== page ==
When tiny Sweet Briar College in Virginia tried to close last year, the state’s Attorney General got involved and eventually it was saved. Just about five institutions, on average, have closed in recent years, according to Moody’s Investors Service. Many of those closures have occurred among for-profit colleges, which have come under government scrutiny for the high debt and lackluster employment outcomes of their graduates.
But there are many non-profit colleges and universities that face mounting fiscal challenges, too. Recently, I contributed to a study by Parthenon-EY Education that found more than 800 campuses exhibit a range of risk factors putting them in jeopardy of closing. Those risk factors include enrollments under 1,000 students, discounts that reduce tuition by more than 35 percent, and high debt payments for campus improvements that have been made in recent years. Not surprising, nearly 80 percent of the troubled institutions are small colleges — with fewer than 1,000 students — but 9 percent of them have more than 10,000 students.
“We found small and large colleges that are thriving because they have either found a strong niche or they operate at a large scale,” said Seth Reynolds, a managing director of Parthenon-EY Education and one of the contributors to the report. “But for most institutions, the path forward is not one that they can take alone. They need to shift their mindset and consider collaboration in ways they haven’t before.”
The report notes that the biggest declines in enrollments since the Great Recession have been at small colleges, those with fewer than 1,000 students. Such institutions account for 40 percent of campuses in the United States. Since 2010, their enrollment has fallen by more than 5 percent. Nearly all of the 72 colleges that have closed their doors in the last decade had enrollments of less than 1,000 students.
One reason is that tuition discounts students receive at those schools weigh more heavily on the bottom line. Even a small decline in enrollment can have dire consequences given tuition dollars make up 56 percent of the revenue at small colleges, compared to 42 percent at colleges with more than 5,000 students.
The idea of mergers and acquisitions is rarely talked about in higher education. College leaders think of such partnerships as nothing more than neighboring colleges sharing so-called back office operations, such as purchasing or police forces, or on the academic side allowing students to take classes at nearby colleges.
The study notes that the market for students can no longer support the number of institutions operating today. That’s particularly true given higher education is still largely a bricks-and-mortar industry. In states where the population is shrinking, the Northeast for example, colleges have excess capacity, while in states like California there are not enough seats at public colleges for all the qualified students who get admitted. Unlike a retail store, colleges can’t just close up shop in Massachusetts and move to California.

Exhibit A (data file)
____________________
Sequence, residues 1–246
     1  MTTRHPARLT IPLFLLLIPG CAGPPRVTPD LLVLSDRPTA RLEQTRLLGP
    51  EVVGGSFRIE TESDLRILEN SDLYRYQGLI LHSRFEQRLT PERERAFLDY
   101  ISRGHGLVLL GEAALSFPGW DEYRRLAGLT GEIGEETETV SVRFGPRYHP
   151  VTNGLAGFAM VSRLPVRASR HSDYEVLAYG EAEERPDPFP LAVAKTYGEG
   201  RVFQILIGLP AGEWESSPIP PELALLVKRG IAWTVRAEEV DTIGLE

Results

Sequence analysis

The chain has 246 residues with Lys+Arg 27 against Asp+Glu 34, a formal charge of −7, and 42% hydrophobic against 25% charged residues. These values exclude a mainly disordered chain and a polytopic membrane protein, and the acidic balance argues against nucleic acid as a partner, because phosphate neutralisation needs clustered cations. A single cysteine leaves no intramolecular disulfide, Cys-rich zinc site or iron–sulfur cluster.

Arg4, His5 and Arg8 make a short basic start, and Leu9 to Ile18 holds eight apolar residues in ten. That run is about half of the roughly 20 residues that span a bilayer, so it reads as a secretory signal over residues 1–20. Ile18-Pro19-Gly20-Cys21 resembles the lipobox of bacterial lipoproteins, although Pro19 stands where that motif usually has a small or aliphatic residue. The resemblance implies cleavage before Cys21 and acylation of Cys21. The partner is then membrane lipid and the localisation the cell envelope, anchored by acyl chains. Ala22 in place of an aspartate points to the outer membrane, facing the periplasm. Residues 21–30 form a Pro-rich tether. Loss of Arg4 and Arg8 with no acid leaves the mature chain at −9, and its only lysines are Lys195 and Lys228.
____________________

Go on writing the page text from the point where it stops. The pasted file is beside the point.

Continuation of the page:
As a result, this perilous economic future facing hundreds of colleges and universities requires them to consider “much deeper partnerships than higher education has ever seen before,” the study concluded.
The report gives examples of mergers in higher education that have largely worked when officials have focused on improving quality or giving students more academic options, not simply ensuring survival of the institution. Such was the case when the financially struggling Monterey Institute of International Studies, which offered only master’s degrees in international affairs, merged with Middlebury College, which had strengths in language instruction and international studies.
Higher education leaders seem to think that mergers and acquisitions are potentially a good strategy for the future. A survey conducted for the Parthenon-EY study found that 85 percent of campus leaders said they have engaged in some type of collaboration. But the same survey found that the biggest obstacle to deeper partnerships is pushback from various constituencies, including trustees, faculty members, students, and alumni.
For a sector that has been around since before the founding of the country, tradition is perhaps the biggest barrier to change in higher education. But if the current rich diversity of the American higher-education system has any hope of existing another few centuries, campuses needs to rethink their long-held position that the best way to survive is to operate on their own.